Why are we still depending on portable fire extinguishers?

Workboats are vessels used for commercial purposes, i.e.., they perform some form of “work.” This includes a large portion of the maritime community and can range from commercial fishing vessels to the large supply vessels that serve the offshore oil and gas industry. Work boats are to navigable waterways what commercial vehicles are to the highways. They do it all and they come in an almost endless array of sizes and configurations.

What is universal is that workboats require fire protection. But what is not as clear cut is the type of fire protection they require. The United States Coast Guard (USCG) and the American Boating and Yacht Council (ABYC) each provide standards relating to the requirements for onboard fire protection. Both organizations spend quite a bit of space within the standards defining how many and what types of portable fire extinguishers must be onboard along with where they should be mounted.

To be clear, portable fire extinguishers are indeed an invaluable tool for suppressing fires, especially when the fires are small or incipient; and they are required to pass a USCG inspection. But when it comes to protecting machinery spaces—e.g., the engine room—unless mariners are present when the fire starts and are trained, can find and are able to use fire extinguishers, the fire will rapidly progress past the incipient phase rendering them ineffective.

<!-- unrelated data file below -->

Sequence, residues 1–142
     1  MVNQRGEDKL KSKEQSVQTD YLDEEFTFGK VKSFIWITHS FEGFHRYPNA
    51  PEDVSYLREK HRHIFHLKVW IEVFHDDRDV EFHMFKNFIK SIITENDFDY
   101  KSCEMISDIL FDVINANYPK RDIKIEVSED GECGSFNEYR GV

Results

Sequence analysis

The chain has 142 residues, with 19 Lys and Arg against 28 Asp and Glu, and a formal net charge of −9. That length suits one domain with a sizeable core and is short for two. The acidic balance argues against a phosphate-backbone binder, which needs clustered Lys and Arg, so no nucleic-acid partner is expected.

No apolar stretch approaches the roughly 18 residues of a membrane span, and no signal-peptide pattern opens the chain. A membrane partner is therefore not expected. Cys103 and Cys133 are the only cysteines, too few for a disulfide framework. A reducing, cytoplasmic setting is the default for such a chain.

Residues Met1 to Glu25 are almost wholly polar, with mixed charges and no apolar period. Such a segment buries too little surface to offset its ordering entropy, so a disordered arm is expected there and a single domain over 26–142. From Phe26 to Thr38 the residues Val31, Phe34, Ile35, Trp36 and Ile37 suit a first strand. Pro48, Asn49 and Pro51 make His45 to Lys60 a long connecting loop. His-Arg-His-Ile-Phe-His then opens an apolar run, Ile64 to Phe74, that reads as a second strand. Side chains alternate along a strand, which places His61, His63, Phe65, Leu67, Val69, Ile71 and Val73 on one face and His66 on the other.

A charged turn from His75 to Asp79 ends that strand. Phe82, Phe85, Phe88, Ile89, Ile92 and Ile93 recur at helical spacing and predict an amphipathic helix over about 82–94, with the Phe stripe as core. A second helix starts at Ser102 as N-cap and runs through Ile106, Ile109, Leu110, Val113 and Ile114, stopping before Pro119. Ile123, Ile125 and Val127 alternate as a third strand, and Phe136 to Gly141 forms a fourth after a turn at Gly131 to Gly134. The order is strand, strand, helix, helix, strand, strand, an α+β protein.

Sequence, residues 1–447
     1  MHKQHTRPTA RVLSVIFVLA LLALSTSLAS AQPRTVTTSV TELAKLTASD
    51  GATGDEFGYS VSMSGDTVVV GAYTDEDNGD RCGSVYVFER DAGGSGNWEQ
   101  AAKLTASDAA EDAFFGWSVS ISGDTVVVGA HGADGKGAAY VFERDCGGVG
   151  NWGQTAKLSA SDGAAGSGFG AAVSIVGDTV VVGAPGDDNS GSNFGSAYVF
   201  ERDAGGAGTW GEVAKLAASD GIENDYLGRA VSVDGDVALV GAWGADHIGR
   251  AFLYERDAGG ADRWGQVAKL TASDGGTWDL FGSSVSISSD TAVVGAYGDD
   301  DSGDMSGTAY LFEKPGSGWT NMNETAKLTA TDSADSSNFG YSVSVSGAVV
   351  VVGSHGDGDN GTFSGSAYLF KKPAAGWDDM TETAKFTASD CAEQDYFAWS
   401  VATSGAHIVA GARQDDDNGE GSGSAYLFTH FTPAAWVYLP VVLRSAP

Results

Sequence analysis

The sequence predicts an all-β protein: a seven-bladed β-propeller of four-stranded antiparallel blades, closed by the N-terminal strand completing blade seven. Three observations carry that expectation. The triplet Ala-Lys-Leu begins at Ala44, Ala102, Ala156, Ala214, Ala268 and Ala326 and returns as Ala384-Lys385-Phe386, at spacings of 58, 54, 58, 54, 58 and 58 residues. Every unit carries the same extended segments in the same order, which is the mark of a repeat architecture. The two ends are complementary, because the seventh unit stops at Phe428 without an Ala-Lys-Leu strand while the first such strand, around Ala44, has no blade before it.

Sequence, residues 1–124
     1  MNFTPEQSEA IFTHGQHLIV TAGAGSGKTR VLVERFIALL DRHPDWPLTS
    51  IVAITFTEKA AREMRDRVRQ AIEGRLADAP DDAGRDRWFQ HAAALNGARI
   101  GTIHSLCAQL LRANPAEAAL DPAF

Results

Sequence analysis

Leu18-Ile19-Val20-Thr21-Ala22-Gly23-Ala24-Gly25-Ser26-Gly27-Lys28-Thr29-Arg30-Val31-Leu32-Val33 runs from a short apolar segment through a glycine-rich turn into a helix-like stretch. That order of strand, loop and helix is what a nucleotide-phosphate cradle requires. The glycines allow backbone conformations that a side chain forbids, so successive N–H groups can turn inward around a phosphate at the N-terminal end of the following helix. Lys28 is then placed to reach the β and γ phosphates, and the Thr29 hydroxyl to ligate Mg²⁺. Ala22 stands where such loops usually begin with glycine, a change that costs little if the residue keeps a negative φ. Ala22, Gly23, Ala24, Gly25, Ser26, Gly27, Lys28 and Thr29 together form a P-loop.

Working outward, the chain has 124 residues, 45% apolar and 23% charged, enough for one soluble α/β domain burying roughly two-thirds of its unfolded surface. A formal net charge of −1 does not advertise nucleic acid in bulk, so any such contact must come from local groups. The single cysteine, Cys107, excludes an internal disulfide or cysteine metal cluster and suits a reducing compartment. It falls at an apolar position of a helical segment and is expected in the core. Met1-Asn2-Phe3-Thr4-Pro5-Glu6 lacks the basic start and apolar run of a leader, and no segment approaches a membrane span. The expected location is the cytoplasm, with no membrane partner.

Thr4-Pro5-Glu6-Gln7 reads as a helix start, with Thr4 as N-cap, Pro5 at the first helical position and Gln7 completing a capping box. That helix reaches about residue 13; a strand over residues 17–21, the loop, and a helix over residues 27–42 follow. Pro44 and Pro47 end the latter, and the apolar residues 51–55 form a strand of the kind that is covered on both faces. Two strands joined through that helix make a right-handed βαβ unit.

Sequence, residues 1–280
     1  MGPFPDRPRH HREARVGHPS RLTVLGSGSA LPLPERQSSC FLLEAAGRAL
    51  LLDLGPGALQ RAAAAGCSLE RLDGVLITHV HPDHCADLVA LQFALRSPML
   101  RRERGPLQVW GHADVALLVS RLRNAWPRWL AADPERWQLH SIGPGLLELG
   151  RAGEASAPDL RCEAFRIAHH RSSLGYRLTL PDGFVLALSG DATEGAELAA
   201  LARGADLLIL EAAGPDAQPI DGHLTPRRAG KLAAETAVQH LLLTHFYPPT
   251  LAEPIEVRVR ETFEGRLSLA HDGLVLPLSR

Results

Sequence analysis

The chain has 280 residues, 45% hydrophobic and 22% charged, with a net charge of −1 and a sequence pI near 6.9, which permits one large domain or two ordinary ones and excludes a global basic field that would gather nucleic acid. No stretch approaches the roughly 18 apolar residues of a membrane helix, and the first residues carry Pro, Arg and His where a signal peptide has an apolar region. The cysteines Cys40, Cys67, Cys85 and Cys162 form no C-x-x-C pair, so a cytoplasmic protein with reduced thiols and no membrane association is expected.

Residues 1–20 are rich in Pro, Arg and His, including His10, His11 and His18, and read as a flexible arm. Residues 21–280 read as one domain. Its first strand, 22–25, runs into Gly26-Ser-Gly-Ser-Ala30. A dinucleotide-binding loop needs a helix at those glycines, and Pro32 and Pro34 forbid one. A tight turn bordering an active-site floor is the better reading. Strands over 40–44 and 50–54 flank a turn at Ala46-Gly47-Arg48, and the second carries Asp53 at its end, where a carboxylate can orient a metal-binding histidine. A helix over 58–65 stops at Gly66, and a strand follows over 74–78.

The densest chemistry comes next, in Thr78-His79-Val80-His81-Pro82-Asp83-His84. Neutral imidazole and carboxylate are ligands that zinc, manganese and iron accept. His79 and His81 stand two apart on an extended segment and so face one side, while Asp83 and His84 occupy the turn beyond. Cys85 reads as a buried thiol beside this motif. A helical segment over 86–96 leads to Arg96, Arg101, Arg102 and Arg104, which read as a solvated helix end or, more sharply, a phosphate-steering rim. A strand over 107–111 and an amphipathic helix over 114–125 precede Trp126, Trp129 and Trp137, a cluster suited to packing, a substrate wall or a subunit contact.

Extinguishing an entrenched fire in the engine room requires either a fixed system or advanced firefighting measures, i.e., fire hoses equipped with firefighting foam manned by personnel wearing PPE and self-contained breathing apparatus. For a vessel that has been depending on portable fire extinguishers to protect their machinery spaces, it is unlikely that either system will be present in these critical areas.

The USCG and ABYC devote considerable space to portable fire extinguisher requirements in their respective standards. This is due to the fact that portable fire extinguishers are effective when used appropriately and relatively affordable. Historically, fixed systems have been viewed by boat owners as too costly to install and expensive to test and maintain—and they were correct. Legacy fire suppression systems—such as clean agents, CO2, and water mist systems—can all carry a large price tag to install and maintain. So, up to a certain vessel size or use, operators perceive that they must use portable and/or semi-portable fire extinguishers in lieu of a fixed system, to reduce costs.

Title 46 CFR Chapter I Subchapter C Part 25 Subpart 25.30 provides the USCG requirements for fire protection. In addition to fire extinguishers, the standard makes the following requirements for machinery space fire protection: